Dear Annie: I am a college student and have met few people I would consider friends. However, there is one friend in particular, “Sally,” whom I have helped out a lot since we met. There have been times when I’ve taken her to and from work (she has paid me back for gas), and I even helped guide her to the Lord after a friend died by suicide. I love Sally and consider her a dear friend, but this semester she has begun running with a different crowd. She always parties and drinks and looks for companions. She has completely dropped me, to the point where she ignored a text I sent her about plans she had initiated with me. I feel taken advantage of and unappreciated in the friendship. I don’t want to cut her completely out of my life, but at this point, that looks like my only option.— The Doormat Friend
Dear Doormat Friend: Unlike a doormat, you have free will. You don’t have to let this girl — or anyone else, for that matter — walk all over you. It sounds as though your friendship with Sally is, at best, a poor match; at worst, it’s making you feel less valuable than you are. So take some space from her, and spend time on things and people who make you feel top of mind, not underfoot.
Dear Annie: I agree with “Love Is the Answer” and “Out of Sight but Never Out of Mind’s” viewpoint on not seeing people who are near death. I remember every detail from when I saw both of my aunts near death. I had such wonderful memories of my aunts and spending time with them all my life, but all I can think about are their last breaths — a horrific thing to see. So count me as one who also prefers to shelter herself from seeing someone in this condition. — Remembering Them How They Were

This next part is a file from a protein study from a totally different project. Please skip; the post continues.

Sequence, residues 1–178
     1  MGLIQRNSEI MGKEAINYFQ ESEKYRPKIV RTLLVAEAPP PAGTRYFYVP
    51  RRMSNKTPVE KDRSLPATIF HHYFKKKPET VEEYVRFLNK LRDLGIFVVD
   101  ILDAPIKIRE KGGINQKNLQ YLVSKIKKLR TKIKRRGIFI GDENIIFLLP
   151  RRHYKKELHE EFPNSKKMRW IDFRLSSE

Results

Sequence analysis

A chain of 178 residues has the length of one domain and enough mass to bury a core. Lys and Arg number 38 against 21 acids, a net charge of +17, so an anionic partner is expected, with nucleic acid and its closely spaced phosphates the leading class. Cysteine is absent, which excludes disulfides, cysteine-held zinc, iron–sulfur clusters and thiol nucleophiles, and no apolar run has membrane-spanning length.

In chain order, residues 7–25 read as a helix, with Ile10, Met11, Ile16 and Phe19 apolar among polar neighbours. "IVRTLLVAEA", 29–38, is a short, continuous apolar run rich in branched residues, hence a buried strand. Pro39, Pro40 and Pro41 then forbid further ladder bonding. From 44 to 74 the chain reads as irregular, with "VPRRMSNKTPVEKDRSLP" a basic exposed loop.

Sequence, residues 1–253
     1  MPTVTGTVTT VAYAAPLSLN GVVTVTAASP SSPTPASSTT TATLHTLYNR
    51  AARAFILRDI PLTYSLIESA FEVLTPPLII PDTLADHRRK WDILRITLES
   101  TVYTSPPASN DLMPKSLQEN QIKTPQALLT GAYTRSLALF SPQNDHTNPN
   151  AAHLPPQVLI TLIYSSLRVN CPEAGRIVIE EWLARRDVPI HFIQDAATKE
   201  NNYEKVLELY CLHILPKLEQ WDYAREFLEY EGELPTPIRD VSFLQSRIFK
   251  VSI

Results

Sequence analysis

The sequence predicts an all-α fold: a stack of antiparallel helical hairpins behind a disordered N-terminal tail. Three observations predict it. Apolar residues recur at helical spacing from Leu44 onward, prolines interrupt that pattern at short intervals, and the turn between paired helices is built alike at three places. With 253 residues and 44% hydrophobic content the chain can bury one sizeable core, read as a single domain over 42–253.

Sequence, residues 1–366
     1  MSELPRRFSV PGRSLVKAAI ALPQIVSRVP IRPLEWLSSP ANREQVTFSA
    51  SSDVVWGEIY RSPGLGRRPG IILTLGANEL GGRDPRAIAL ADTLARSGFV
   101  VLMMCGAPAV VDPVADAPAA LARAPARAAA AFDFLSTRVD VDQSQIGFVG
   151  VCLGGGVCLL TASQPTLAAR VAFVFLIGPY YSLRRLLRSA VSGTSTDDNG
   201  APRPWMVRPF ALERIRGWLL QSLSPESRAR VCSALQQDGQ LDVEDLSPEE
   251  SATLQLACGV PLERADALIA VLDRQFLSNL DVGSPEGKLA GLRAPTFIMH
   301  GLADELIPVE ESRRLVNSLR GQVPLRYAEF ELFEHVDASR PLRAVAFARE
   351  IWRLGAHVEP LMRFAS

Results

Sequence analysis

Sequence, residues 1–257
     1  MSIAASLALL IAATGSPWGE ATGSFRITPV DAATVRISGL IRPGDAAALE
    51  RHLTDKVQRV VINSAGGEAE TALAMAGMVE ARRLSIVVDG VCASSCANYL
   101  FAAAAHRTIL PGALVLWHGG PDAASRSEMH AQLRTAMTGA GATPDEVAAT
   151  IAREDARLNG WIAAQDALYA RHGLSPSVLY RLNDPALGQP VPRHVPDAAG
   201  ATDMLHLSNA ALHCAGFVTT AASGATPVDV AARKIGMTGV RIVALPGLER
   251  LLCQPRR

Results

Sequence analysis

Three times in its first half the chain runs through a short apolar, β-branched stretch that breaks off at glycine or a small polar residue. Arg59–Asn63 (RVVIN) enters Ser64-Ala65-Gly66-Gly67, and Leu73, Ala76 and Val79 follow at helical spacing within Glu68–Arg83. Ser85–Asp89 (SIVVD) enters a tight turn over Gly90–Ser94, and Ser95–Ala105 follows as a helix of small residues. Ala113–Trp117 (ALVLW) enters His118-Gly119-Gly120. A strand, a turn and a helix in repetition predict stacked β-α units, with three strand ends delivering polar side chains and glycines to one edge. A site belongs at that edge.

Dear Remembering Them: I understand where you’re coming from, but the following letter writer makes some great points about being with loved ones when they die.
Dear Annie: You were very gracious in your response to “Love Is the Answer.” In rationalizing why people avoid being around loved ones who are dying, she explained that often it simply hurts too much and that she prefers remembering them how they were. Yes, it is painful to see loved ones in pain or dying, but “Love Is the Answer” should think for a moment about how THEY feel. Even if you don’t know what to say or can’t manage to be there long, you may be able to sit quietly with the person or hold a hand or whisper one of those great memories you are trying so hard to hold on to. Neither you nor they live in a vacuum, and I urge “Love Is the Answer” and like-minded people to consider someone else and set aside their narrow focus.
Yes, it is hard, but it is the price you pay for being a person on this earth with a modicum of empathy. How is “Love Is the Answer” going to feel when she is all alone at the end of her life and no loved ones come to be with her because, you know, it would make them feel bad? We all need to look at the situation as the privilege it is to have some small way to ease someone’s suffering. — Shocked and Saddened
Dear Shocked and Saddened: I’m happy to print this heartfelt plea for empathy. It’s never easy to witness the suffering of family members and close friends, but it definitely comes with the territory of love.
“Ask Me Anything: A Year of Advice From Dear Annie” is out now! Annie Lane’s debut book — featuring favorite columns on love, friendship, family and etiquette — is available as a paperback and e-book. Visit http://www.creatorspublishing.com for more information. Send your questions for Annie Lane to email@example.com.